Money Management Tips For Couples

A couple budgetingHaving to manage personal finances is one of the stressful realities that makes up a part of normal daily living. As a single person managing his or her finances, he or she doesn’t have to be concerned with coordinating financial management efforts with anyone else. However, if the scenario involves a couple, such as a husband and wife, an entirely new dynamic is introduced. In theory, at least, there should be some sense of coordination between both members of the couple. What affects one member of the couple affects the other member of the couple, right?

If you and your partner are like most couples, chances are, you fight about money. Numerous studies have shown that money is the No. 1 reason why couples argue — and many of the recently divorced say those battles were the main reason why they untied the knot.

We’ll begin with the following quick points, as noted by Key, that address a number of financial mistakes that partners can make that create serious angst in their relationship:

1 - Merging The Finances

The Wrong Approach: United we stand, divided we bank (i.e. separate bank accounts).

The Right Approach: It's yours, mine and ours (i.e. share the bank account).

2 - Dealing With Debt

The Wrong Approach: Your debt will ruin us; you must find a way to pay it off.

The Right Approach: It's our debt: Let's decide how to pay it off together.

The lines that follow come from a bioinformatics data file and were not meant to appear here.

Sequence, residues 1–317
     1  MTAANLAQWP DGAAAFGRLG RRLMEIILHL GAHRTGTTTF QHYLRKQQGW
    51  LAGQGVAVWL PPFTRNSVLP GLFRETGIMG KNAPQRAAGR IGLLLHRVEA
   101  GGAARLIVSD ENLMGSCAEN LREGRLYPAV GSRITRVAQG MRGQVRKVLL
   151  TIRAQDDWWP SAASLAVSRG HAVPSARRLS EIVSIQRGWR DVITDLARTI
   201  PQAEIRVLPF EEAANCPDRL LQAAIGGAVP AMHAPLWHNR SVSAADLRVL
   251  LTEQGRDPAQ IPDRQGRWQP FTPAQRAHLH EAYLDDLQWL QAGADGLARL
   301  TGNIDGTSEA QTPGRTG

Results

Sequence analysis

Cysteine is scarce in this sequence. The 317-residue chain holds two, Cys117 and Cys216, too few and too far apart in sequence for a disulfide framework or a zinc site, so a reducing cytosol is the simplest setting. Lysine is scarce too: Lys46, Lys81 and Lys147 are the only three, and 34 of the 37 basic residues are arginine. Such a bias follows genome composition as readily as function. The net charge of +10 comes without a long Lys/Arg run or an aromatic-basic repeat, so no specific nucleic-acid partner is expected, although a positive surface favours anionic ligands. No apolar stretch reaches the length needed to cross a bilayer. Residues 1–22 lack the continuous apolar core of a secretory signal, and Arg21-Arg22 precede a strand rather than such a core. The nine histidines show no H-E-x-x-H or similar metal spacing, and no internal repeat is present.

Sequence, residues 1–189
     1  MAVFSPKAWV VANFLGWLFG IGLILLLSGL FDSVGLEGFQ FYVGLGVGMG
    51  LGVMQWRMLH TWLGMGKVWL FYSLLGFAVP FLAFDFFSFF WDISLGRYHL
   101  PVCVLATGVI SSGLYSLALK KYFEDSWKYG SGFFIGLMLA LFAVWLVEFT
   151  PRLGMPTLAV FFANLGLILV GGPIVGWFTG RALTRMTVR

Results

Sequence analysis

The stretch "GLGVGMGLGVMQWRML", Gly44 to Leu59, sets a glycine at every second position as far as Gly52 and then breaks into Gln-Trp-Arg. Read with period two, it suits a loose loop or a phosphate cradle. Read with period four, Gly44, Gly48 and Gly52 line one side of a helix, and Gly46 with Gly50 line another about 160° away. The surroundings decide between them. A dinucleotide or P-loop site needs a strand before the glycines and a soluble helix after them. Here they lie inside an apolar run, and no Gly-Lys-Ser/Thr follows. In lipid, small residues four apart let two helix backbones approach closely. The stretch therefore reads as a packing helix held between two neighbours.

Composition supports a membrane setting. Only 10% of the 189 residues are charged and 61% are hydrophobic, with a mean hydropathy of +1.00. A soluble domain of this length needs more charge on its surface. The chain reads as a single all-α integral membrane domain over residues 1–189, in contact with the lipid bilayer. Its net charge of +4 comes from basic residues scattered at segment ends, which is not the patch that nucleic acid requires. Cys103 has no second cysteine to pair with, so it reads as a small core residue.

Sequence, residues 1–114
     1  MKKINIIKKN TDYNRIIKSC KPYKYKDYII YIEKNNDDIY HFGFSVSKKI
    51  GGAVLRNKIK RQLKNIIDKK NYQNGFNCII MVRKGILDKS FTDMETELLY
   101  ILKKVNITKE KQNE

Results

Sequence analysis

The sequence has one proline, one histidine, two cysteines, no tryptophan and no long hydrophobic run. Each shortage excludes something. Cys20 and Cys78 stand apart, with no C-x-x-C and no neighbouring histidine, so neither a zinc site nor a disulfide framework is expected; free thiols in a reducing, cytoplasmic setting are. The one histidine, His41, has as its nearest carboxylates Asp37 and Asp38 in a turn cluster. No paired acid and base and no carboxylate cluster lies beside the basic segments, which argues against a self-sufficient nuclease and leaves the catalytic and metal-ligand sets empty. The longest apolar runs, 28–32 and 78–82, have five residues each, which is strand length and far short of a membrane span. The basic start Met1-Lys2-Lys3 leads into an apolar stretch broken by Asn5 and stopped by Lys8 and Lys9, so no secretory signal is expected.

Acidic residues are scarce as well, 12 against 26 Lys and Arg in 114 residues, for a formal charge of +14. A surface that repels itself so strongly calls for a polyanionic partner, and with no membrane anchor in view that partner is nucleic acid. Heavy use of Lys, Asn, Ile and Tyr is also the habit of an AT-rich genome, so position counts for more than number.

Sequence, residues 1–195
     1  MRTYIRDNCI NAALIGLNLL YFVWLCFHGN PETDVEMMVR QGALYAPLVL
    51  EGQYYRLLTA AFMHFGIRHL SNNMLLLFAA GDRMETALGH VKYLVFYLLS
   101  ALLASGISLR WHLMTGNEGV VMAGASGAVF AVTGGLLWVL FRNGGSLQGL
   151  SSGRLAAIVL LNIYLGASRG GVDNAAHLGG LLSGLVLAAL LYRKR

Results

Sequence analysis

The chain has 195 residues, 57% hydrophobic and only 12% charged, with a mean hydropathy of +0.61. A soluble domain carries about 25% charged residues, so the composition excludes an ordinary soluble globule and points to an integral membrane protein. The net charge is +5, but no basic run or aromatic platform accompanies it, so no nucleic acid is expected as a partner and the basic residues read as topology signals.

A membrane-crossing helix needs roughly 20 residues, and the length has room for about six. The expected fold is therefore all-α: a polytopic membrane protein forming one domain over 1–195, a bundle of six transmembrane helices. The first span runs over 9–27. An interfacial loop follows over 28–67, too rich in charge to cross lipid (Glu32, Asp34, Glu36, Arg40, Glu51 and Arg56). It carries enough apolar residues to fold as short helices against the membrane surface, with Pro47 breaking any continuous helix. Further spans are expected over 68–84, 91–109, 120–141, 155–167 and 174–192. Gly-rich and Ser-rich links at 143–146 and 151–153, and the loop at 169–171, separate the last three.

3 - Keeping Spending In Check

The Wrong Approach: I'm a saver and you're a spender. That's the problem.

The Right Approach: We both spend, but on different things. Let's budget.

4 - Investing Wisely

The Wrong Approach: You're a risk-taker, I'm risk-averse. Hands off our retirement savings.

The Right Approach: Let's think in time frames and take as much risk as our goals allow.

5 - Keeping Money Secrets

The Wrong Approach: What my spouse doesn't know will never hurt him/her.

The Right Approach: Big financial secrets can ruin a marriage.

6 - Emergency Planning

The Wrong Approach: We're fine. We don't need to worry about money.

The Right Approach: Anything could happen. Let's plan for emergencies.

Examples of Financial Fights All Couples Have

In a piece by CNBC on the topic, the following examples of conflicts provide more insight about problems to avoid:

1 - Risk Taker vs Risk Avoider

One of you is more comfortable with the ups and downs of the stock market. If your spouse is intent on taking more risk than you're comfortable with - by putting more money into stocks, or investing in start-ups or buying Bitcoin - agree on a small percentage of your money that can be used in that way (no more than 5 to 10 percent) and a similar amount that you can save or invest as you wish. Then stick to your plan with the rest.

2 - Lending or Giving Money to Family and Friends

Forget about loaning money to friends and family in the majority of cases. If you can't afford to do it as a gift, don't do it at all - it won't end well. If you've already done it and you want to preserve the relationship, tell the recipient you're forgiving the debt, but that you don't want to be asked for more in the future.

In conclusion, the above points make it clear that good communication and teamwork is the real key to conflict-free financial partnership in marriage. A health dose of humility, patience, and selflessness will go a long way too because, after all, no one is perfect.

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